Rating: romance; Rating: 3 out of 5 missed calls

Artemis, by Andy Weir

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Made me laugh but firmly swear off science fiction for the foreseeable future.

Genre: science fiction; Rating: 4 out of 5 The Martians

Little Fires Everywhere, by Celeste Ng

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Another bedtime book to be read as I came home from the office towards the end of my work term. I couldn’t wait to pack up and leave with Pearl and Mia.

Genre: contemporary; Rating: 5 out of 5 unintended racist comments

Bad Country, by C.B. McKenzie

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Choked this one down at my laptop because it had been so unbelievably slow-moving I couldn’t bring myself to read more than a page at a time before it was due. (If it isn’t obvious, I do not recommend this book.)

Rating: mystery; Rating: 2 out of 5 dogs were hurt (1 throat slashed, 1 bored to death like me)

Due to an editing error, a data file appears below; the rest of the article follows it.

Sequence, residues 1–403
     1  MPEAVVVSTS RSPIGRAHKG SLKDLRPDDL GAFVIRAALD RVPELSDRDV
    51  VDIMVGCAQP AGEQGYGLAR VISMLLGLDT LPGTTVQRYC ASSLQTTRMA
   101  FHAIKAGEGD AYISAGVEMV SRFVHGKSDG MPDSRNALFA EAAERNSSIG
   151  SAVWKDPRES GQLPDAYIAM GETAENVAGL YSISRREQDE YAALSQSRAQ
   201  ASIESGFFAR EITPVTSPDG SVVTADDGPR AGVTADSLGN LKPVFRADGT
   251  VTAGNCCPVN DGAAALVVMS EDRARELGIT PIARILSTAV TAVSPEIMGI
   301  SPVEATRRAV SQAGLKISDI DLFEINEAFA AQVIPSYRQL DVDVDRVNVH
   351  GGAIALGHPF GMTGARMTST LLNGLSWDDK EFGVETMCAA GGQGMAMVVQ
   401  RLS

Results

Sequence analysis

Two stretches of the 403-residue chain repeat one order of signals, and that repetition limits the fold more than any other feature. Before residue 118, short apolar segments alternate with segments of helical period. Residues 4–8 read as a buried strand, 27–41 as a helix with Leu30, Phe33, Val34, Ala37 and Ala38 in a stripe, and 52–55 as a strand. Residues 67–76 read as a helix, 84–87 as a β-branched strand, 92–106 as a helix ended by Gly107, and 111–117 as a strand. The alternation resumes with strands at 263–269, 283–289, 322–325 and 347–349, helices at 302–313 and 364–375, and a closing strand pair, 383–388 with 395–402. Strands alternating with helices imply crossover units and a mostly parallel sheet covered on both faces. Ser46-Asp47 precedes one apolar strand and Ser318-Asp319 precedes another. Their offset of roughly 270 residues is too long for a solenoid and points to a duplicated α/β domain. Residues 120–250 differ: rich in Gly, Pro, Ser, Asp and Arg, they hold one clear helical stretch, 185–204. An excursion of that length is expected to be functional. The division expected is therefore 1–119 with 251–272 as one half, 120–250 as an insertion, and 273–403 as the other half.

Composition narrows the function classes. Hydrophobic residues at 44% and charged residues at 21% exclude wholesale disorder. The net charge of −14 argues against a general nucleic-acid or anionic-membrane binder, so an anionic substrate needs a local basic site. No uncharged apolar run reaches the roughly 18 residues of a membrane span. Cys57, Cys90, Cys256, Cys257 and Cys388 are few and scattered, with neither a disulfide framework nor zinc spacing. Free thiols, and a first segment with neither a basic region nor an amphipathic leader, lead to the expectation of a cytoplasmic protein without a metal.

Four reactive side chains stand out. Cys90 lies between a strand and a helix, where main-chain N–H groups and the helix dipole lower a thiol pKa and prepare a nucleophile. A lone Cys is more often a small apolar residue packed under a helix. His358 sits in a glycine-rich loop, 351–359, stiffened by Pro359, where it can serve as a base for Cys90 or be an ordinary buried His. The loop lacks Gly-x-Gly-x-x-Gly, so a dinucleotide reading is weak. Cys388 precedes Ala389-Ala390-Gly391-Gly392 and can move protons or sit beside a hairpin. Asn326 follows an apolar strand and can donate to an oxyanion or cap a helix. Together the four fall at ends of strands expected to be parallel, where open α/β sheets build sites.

The Handmaid’s Tale, by Margaret Atwood

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While out for comedy night at a bar, a black comedian told us someone had come up to him after a show to tell him that he was offended by the racial jokes the comedian made, because we were living in an age where racism didn’t exist anymore. Just think about that.

Genre: classics; Rating: 3 out of 5 men who’ve f****d Offred (over) in this book

on #jashley

It’s the night of May 31 and I’m determined to not miss another month of posting, even if it’s just a throwaway entry. I was about to make another “reads” post because those are always quick and easy, but then I remembered that a bomb dropped this week in the Bachelor universe which is debatable-y far more interesting:

Jared Haibon and Ashley Iaconnetti are finally dating! We can finally let out the breath we didn’t know we’d been holding for three years.